The picture above was captured by a planespotter, Robert Dube, near Bayswater, not too long after the Pope’s departure from New York City to Philadelphia aboard an American Airlines Boeing 777-300LR, call sign “Shepherd One”. Though at first appearing to be  an anomaly on the image, possibly the result of grime or dirt on the sensor or lens of Dube’s camera setup, further inspection revealed that the small dark shapes above the Airbus in the image were a KC-10 Extender and two F-22 Raptors. Considering that there’s no real conceivable purpose for having top of the line combat aircraft tanking up in  New York City airspace, and at the very same time such a dignitary was visiting the area at that, it could be assumed that the two Raptors were deployed as an on-call counter to a terrorist attack by way of air… Namely, the use of a hijacked airliner in a suicide run. While the airspace around Washington DC is indeed heavily protected and has been especially so since 9/11, the same can’t really be said for Philadelphia or New York City. Former New York Police Department Commissioner Ray Kelly once insinuated, in an interview with 60 Minutes, that the NYPD does possess the ability to take out a hijacked airliner as a last-ditch protective measure, but he was deliberately unclear (for good reason) on what exactly the NYPD would use to do so in the event of such an attack. However, it’s unlikely that the Air Force would allow any aircraft to penetrate the “bubble” that’ll surround the Pope wherever he travels in the US. Back when Pope Benedict XVI visited the United States in 2008, the Federal Aviation Administration instituted a temporary ban on flight at 3000 feet and below; any aircraft violating the ban would be escorted out immediately, or shot down if uncooperative and deemed an imminent threat. The Air Force had apparently made available a handful of fighters for that visit as well. Pope Francis’ visit would have probably included another bubble of the sort as part of the security measures taken to safeguard him, enforced by the fighters loitering around.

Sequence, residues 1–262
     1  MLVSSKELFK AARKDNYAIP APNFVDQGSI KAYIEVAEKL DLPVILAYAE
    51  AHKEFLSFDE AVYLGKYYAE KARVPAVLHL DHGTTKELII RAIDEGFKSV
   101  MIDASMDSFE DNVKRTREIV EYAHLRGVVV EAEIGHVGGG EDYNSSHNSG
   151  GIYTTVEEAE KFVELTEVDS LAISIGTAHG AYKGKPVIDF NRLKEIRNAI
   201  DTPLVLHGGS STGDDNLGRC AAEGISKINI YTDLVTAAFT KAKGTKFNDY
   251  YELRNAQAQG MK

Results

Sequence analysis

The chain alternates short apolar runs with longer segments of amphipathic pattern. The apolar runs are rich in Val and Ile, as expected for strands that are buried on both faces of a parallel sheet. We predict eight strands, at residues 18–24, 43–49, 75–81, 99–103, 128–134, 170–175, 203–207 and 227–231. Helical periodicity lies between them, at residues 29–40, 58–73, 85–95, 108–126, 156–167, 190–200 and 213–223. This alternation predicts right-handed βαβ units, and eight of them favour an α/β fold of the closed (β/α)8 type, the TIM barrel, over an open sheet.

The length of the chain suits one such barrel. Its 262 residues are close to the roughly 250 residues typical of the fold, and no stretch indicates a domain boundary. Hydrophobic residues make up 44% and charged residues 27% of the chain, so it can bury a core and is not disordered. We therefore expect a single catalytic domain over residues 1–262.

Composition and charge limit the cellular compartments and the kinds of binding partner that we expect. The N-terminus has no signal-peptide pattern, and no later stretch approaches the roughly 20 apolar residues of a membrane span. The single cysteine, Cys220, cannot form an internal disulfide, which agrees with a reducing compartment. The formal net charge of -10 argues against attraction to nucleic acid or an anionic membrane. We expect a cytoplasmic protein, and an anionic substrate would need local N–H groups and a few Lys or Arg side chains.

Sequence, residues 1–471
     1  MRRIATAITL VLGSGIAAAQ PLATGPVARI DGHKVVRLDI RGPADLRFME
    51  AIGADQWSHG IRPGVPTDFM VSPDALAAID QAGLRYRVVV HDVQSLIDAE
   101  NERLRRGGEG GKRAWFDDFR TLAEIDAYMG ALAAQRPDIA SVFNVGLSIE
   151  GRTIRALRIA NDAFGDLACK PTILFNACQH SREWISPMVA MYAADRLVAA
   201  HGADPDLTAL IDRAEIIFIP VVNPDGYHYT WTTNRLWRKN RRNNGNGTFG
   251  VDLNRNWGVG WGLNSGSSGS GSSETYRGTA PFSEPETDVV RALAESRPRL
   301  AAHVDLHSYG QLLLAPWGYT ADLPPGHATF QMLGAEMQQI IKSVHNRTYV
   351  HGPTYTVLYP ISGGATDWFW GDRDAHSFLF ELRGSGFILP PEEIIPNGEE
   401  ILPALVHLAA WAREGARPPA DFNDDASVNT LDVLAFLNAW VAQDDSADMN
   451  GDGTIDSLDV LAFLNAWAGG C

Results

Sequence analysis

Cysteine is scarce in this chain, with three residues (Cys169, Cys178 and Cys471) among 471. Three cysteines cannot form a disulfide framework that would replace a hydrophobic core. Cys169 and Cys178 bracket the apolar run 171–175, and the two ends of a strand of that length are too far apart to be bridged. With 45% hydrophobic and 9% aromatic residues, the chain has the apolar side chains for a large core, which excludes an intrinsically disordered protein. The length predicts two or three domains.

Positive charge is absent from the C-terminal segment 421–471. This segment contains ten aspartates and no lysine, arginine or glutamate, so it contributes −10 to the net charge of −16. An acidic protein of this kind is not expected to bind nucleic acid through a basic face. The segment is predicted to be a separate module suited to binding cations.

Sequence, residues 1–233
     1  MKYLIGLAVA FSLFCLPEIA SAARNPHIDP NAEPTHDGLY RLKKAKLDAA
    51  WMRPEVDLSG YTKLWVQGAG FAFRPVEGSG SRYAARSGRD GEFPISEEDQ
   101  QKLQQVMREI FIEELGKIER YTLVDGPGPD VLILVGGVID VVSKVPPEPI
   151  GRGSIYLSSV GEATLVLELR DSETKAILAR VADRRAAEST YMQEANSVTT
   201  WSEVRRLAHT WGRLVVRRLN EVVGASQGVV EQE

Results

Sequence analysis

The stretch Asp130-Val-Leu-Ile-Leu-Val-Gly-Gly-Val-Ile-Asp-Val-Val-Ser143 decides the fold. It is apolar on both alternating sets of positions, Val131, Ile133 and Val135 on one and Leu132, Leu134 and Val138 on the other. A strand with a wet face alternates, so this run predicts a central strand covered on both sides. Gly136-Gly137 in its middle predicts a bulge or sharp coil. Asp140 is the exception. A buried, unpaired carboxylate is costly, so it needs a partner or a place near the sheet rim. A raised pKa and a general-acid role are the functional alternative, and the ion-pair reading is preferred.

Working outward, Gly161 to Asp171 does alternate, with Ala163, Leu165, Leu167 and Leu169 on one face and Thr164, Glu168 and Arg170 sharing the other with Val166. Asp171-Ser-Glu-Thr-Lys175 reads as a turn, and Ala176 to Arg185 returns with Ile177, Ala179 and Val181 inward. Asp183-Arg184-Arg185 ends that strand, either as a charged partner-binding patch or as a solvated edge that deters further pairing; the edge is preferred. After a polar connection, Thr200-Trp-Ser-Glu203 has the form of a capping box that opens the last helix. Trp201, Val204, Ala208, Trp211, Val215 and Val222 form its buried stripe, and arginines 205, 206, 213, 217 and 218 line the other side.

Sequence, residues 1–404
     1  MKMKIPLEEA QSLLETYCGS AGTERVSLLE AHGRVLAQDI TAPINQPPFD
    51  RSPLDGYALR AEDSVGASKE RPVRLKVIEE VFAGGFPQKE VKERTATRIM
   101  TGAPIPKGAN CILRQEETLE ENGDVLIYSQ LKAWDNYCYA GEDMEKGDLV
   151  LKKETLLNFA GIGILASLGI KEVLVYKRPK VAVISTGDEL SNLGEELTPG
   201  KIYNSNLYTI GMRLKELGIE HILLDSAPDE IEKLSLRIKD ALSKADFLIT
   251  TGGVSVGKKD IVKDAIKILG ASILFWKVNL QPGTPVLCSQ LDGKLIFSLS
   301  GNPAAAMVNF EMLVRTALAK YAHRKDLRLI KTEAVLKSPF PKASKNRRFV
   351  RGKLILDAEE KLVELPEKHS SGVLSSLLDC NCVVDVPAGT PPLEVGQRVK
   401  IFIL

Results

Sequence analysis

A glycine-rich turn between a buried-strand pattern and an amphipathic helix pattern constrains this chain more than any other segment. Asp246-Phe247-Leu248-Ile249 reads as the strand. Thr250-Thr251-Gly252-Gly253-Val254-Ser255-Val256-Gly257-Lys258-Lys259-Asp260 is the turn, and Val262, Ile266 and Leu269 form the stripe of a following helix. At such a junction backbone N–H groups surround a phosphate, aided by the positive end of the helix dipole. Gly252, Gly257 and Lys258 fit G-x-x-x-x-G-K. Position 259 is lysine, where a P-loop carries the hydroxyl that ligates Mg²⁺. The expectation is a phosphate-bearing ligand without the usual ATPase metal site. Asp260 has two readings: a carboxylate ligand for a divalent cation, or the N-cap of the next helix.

This isn’t the first time that F-22s have flown missions of the sort. For example, in the past, when NASA still utilized the Space Shuttle orbiters, Raptors from Tyndall AFB were used to clear the airspace around Cape Canaveral. Though this isn’t what the sleek and powerful fighter was originally built for, the Swiss Guard and all those who were tasked with keeping the Pope safe on his trip to the land of freedom and French fries could feel just a little bit more at ease, knowing that the most advanced air superiority fighter ever built was watching out for them from above.

Col. Brad Hoagland, Joint Base Andrews commander, greets Pope Francis on the base flightline, Sept. 24, 2015. The pope will visit New York and Philadelphia during his U.S. trip before returning to Rome Sept. 27. (U.S. Air Force photo/Tech. Sgt. Robert Cloys)

Col. Brad Hoagland, Joint Base Andrews commander, greets Pope Francis on the base flightline, Sept. 24, 2015. The pope will visit New York and Philadelphia during his U.S. trip before returning to Rome Sept. 27. (U.S. Air Force photo/Tech. Sgt. Robert Cloys)

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About Ian D'Costa (256 Articles)
Ian is the editor-in-chief of the Tactical Air Network. His work has been republished and quoted in a number of publications, including The Toronto Star, Airsoc, Business Insider and The Aviationist. You can reach him at idcosta@tacairnet.com.

3 Comments on America Deployed its Best Fighter to Cover the Pope’s Tour of the Country

  1. Pablo Jacome // October 3, 2015 at 00:39 // Reply

    The plane on the picture is not the Pope Francis’s Boeing 777. It is an TAME AIRLINES from Ecuador. Be serious about writing information to the reader.

    Like

    • It’s very clear you neither read the article nor even looked at the headline.

      Like

      • The plane was an American Airlines Boeing 777. Apparently, “Shepherd One” was already out there circling the skies. Why does people find it hard to read articles nowadays and just judge them already on the pictures?

        Like